Quantitative evaluation of LDDMM, FreeSurfer, and CARET for cortical surface mapping.
ABSTRACT Cortical surface mapping has been widely used to compensate for individual variability of cortical shape and topology in anatomical and functional studies. While many surface mapping methods were proposed based on landmarks, curves, spherical or native cortical coordinates, few studies have extensively and quantitatively evaluated surface mapping methods across different methodologies. In this study we compared five cortical surface mapping algorithms, including large deformation diffeomorphic metric mapping (LDDMM) for curves (LDDMM-curve), for surfaces (LDDMM-surface), multi-manifold LDDMM (MM-LDDMM), FreeSurfer, and CARET, using 40 MRI scans and 10 simulated datasets. We computed curve variation errors and surface alignment consistency for assessing the mapping accuracy of local cortical features (e.g., gyral/sulcal curves and sulcal regions) and the curvature correlation for measuring the mapping accuracy in terms of overall cortical shape. In addition, the simulated datasets facilitated the investigation of mapping error distribution over the cortical surface when the MM-LDDMM, FreeSurfer, and CARET mapping algorithms were applied. Our results revealed that the LDDMM-curve, MM-LDDMM, and CARET approaches best aligned the local curve features with their own curves. The MM-LDDMM approach was also found to be the best in aligning the local regions and cortical folding patterns (e.g., curvature) as compared to the other mapping approaches. The simulation experiment showed that the MM-LDDMM mapping yielded less local and global deformation errors than the CARET and FreeSurfer mappings.
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ABSTRACT: Neuroanatomic phenotypes are often assessed using volumetric analysis. Although powerful and versatile, this approach is limited in that it is unable to quantify changes in shape, to describe how regions are interrelated, or to determine whether changes in size are global or local. Statistical shape analysis using coordinate data from biologically relevant landmarks is the preferred method for testing these aspects of phenotype. To date, approximately fifty landmarks have been used to study brain shape. Of the studies that have used landmark-based statistical shape analysis of the brain, most have not published protocols for landmark identification or the results of reliability studies on these landmarks. The primary aims of this study were two-fold: (1) to collaboratively develop detailed data collection protocols for a set of brain landmarks, and (2) to complete an intra- and inter-observer validation study of the set of landmarks. Detailed protocols were developed for 29 cortical and subcortical landmarks using a sample of 10 boys aged 12 years old. Average intra-observer error for the final set of landmarks was 1.9 mm with a range of 0.72 mm-5.6 mm. Average inter-observer error was 1.1 mm with a range of 0.40 mm-3.4 mm. This study successfully establishes landmark protocols with a minimal level of error that can be used by other researchers in the assessment of neuroanatomic phenotypes.PLoS ONE 01/2014; 9(1):e86005. · 3.53 Impact Factor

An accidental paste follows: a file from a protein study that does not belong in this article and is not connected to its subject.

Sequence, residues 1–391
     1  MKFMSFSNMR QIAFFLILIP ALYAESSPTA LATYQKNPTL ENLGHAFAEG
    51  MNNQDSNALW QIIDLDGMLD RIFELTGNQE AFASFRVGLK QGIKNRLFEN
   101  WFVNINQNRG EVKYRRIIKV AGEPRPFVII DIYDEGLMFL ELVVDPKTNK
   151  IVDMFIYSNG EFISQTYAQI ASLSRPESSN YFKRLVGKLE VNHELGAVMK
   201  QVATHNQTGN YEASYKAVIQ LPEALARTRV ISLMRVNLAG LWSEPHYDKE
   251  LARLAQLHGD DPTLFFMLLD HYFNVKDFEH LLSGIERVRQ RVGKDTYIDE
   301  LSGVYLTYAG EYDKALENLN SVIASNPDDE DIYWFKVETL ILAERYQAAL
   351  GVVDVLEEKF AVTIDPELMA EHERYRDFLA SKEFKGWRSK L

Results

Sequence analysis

Conference Paper: Hyperbolic Harmonic Mapping for Constrained Brain Surface Registration[Show abstract] [Hide abstract]